The quantum interference measurements shown in Fig. 4 can be used to extract the amplitude and phase terms of the fourpartite cluster state, which can then be used to confirm that the bipartite states that remain after projection measurements are orthogonal. The most generic wavefunction to express the fourqutrit hyperentangled states is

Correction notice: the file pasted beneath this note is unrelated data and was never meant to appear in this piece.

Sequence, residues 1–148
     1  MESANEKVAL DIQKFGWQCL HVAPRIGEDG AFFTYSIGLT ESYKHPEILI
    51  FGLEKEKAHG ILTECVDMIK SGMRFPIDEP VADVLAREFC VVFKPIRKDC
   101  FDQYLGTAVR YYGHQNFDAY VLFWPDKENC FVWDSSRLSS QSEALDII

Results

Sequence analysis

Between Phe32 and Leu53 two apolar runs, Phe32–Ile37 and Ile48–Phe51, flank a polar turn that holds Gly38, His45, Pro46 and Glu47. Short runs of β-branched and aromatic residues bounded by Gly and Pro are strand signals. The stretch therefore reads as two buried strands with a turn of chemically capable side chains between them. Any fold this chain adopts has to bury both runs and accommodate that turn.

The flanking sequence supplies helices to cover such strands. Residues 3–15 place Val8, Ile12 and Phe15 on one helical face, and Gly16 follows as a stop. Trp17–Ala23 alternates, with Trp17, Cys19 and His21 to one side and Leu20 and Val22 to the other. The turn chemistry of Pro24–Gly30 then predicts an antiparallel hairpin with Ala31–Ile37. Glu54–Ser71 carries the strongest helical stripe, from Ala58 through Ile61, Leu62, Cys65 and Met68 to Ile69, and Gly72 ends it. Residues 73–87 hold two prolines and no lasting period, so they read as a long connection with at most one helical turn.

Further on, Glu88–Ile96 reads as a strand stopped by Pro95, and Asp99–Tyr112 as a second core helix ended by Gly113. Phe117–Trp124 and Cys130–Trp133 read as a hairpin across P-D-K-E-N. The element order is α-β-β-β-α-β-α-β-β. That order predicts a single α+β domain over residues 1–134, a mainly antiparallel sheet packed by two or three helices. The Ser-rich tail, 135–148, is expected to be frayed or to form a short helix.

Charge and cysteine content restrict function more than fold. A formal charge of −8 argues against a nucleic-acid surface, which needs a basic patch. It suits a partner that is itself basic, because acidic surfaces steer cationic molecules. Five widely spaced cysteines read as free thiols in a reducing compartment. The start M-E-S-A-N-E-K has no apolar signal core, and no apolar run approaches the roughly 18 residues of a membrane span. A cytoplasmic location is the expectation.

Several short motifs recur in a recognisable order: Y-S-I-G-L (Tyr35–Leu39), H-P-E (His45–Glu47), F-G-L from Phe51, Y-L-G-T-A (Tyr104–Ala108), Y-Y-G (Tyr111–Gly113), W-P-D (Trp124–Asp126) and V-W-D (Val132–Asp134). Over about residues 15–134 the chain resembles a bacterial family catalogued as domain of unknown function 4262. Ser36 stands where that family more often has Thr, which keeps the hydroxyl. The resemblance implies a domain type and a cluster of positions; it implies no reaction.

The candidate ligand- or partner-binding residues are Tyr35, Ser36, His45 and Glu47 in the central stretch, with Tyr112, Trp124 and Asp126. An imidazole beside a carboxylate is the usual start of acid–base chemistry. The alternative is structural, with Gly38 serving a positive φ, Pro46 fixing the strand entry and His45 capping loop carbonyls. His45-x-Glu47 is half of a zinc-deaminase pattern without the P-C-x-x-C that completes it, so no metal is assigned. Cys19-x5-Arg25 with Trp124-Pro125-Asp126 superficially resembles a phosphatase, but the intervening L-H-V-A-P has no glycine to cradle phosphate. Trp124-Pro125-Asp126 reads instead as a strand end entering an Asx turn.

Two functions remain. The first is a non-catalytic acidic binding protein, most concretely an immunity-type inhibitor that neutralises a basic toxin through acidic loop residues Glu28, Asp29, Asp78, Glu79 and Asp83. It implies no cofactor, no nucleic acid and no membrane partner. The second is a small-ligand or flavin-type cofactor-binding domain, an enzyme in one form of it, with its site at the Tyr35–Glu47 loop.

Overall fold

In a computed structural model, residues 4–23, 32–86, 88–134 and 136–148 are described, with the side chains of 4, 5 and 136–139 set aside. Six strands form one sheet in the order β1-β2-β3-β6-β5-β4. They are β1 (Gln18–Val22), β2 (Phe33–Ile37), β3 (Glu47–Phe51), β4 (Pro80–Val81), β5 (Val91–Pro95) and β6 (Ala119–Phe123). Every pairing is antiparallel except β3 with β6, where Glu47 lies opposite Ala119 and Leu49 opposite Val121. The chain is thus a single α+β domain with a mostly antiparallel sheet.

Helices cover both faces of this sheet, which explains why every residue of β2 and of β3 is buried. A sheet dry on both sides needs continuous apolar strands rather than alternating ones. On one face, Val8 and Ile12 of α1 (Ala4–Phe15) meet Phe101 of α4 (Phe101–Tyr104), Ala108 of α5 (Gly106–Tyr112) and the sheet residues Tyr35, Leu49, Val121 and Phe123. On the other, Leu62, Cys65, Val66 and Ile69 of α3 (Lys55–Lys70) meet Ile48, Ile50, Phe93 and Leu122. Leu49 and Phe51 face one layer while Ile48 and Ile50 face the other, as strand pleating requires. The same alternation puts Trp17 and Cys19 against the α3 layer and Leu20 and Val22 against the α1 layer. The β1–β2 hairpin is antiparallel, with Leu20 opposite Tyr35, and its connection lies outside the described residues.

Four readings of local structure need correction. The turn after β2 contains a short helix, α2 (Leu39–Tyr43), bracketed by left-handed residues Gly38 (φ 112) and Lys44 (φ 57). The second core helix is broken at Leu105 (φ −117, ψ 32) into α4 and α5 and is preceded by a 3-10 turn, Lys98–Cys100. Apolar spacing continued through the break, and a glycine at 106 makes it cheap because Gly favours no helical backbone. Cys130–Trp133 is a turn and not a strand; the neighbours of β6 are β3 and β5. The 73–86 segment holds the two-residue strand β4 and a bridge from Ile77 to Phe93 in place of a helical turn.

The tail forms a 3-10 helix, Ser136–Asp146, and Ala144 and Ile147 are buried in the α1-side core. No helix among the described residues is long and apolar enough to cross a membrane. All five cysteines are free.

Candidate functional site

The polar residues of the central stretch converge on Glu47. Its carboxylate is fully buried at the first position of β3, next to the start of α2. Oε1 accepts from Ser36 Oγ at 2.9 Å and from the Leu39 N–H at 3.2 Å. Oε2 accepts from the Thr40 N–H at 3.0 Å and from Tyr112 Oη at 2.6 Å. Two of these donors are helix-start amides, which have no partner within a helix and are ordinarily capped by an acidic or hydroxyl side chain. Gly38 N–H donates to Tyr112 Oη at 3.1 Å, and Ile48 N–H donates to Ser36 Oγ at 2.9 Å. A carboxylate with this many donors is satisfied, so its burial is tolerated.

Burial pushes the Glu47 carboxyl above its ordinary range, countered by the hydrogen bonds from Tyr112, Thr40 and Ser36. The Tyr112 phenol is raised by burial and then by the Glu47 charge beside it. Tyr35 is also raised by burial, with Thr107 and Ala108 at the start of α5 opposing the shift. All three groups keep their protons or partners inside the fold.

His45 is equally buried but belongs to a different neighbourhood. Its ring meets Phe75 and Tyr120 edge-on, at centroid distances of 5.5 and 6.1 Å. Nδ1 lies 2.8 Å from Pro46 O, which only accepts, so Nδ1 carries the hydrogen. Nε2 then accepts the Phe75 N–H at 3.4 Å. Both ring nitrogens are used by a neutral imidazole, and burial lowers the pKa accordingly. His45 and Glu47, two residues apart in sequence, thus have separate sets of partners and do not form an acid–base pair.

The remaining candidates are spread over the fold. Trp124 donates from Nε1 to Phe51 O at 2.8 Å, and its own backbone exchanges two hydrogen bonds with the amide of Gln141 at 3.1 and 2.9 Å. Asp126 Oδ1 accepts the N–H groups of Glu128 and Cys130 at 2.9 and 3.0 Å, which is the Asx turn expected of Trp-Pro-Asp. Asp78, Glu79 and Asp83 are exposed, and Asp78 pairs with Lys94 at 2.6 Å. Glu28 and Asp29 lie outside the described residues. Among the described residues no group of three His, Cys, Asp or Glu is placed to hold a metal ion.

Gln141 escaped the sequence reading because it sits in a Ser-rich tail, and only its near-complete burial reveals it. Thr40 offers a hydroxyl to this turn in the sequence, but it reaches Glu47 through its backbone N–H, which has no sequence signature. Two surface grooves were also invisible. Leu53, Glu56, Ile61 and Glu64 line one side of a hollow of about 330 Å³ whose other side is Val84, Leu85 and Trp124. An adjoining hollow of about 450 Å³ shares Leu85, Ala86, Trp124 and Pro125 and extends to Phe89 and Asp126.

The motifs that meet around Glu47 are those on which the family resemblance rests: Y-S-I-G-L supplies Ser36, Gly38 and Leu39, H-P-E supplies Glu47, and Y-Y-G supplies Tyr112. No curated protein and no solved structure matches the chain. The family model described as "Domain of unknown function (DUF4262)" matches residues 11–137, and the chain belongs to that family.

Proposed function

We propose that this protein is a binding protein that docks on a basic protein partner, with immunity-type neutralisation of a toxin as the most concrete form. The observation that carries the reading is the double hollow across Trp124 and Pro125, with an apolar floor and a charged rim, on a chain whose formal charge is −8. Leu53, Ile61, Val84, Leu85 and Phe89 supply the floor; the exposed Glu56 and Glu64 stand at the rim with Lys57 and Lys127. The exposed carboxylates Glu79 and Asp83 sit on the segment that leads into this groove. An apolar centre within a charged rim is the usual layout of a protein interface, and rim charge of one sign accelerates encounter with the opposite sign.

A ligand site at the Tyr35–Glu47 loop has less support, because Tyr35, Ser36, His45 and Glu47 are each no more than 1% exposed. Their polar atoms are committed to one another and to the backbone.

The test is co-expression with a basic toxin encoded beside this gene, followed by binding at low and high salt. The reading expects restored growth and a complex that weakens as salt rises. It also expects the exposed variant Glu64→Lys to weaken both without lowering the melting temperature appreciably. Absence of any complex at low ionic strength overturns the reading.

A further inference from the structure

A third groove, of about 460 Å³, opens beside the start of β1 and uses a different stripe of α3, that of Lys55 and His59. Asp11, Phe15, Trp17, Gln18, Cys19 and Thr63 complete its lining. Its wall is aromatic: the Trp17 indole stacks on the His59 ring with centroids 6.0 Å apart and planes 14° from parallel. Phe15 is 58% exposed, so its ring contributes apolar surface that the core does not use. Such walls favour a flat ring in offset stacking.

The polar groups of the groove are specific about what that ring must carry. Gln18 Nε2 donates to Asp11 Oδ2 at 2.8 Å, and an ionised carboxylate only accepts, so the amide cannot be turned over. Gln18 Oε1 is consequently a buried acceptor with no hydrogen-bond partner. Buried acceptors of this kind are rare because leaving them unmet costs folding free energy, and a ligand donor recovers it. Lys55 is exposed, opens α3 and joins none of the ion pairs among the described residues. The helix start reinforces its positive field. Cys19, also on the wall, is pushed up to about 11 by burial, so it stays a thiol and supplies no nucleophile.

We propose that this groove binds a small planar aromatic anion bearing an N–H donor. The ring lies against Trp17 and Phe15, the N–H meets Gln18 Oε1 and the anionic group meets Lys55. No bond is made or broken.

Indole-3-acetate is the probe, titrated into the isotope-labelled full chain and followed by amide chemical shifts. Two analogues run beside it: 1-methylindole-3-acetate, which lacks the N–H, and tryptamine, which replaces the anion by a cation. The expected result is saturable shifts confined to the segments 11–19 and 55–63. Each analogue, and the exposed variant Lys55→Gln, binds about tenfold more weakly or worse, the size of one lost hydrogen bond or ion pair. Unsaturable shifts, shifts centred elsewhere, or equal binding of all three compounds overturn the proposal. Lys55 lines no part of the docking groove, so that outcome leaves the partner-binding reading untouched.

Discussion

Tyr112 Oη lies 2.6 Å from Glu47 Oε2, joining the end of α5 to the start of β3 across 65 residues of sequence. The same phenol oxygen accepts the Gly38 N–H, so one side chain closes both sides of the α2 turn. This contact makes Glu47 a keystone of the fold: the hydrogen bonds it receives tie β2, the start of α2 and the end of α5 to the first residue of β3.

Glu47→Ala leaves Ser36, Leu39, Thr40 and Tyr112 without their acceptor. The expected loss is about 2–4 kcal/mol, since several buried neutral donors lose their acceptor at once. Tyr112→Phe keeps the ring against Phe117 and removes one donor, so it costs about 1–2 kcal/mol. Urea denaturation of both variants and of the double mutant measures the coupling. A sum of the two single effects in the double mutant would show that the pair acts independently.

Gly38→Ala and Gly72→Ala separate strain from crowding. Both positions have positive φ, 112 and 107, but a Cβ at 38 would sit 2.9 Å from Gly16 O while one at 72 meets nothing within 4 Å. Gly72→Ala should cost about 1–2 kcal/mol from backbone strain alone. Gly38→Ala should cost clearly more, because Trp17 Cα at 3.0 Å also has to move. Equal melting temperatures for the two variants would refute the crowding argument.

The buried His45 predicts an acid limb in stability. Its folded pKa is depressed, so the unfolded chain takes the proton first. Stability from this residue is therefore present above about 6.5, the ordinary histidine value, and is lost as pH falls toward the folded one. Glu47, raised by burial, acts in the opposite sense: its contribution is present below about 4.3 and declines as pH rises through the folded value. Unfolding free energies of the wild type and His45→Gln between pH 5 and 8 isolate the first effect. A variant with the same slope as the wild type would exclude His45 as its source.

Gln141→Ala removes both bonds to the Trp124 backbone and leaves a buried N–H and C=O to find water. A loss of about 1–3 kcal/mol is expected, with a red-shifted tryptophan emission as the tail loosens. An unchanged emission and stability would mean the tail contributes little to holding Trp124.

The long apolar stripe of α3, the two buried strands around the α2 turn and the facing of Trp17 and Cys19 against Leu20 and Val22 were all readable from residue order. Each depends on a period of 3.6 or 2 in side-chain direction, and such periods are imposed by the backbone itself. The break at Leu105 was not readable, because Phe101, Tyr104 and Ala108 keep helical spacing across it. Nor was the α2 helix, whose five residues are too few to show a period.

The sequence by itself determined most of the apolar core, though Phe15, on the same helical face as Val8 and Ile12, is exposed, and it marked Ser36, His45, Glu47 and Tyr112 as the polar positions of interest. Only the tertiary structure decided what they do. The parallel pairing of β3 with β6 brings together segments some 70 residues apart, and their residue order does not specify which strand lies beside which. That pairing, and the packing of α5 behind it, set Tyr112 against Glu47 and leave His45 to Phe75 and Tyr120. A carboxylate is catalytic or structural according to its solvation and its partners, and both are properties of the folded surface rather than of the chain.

$$\begin{array}{ll}\left {\mathit{\Psi }} \right\rangle &= m_{1,{{a}}}\left {1,1,{{a}},{{a}}} \right\rangle + m_{1,{{b}}}\left {1,1,{{b}},{{b}}} \right\rangle + m_{1,{{c}}}\left {1,1,{{c}},{{c}}} \right\rangle \\ &+\, m_{2,{{a}}}\left {2,2,{{a}},{\mathrm{a}}} \right\rangle + m_{2,{{b}}}\left {2,2,{{b}},{{b}}} \right\rangle + m_{2,{{c}}}\left {2,2,{{c}},{{c}}} \right\rangle \\ &+\, m_{3,{{a}}}\left {3,3,{{a}},{\mathrm{a}}} \right\rangle + m_{3,{{b}}}\left {3,3,{{b}},{{b}}} \right\rangle + m_{3,{{c}}}\left {3,3,{{c}},{{c}}} \right\rangle \end{array}$$where \(m_{t,f} = \left {m_{t,f}} \right{\rm e}^{i\phi _{t,f}}\) are complex numbers with amplitude \(m_{t,f}\) and phase ϕ_{t,f}. Here, t = 1, 2, 3 and f = a, b, c. We determined the amplitudes by performing 81 coincidence measurements between all combinations of temporal and frequency modes, and confirmed that, as expected, the wavefunction has only the abovestated nine nonzero elements (see Fig. 3a). To extract the phases ϕ_{t,f}, we used the nine quantum interference measurements shown in Fig. 4. In particular, we projected onto time or frequencybin bases by means of temporal gating (in the detection) or optical filtering. The remaining twopartite states were then measured in superpositions. For timebin measurements, we employed a twoarm interferometer, which simultaneously projects on timebin superpositions; that is \(\left 1 \right\rangle + {\rm e}^{  i\theta }\left 2 \right\rangle\), as well as \(\left 2 \right\rangle + {\rm e}^{  i\theta }\left 3 \right\rangle\) for each photon. The relative phase offset between the quantum interference measurements can be used to extract the relative phase between the coefficients of the wavefunction. For the frequencybin projections, we first added spectral phases, and then mixed the three frequency components using electrooptic modulation. The spectral phase was adjusted to perform projection measurements of the form \(\left a \right\rangle + {\rm e}^{  i\theta }\left b \right\rangle + {\rm e}^{i2\theta }\left c \right\rangle\). We then fitted the predicted functions to the quantum interference patterns to extract the individual phases of the wavefunction (listed in Supplementary Table 1), including the estimated error for these values. Note that all measured visibilities exceed the threshold (also shown in Supplementary Table 1) required to violate twopartite Bell inequalities^{53}.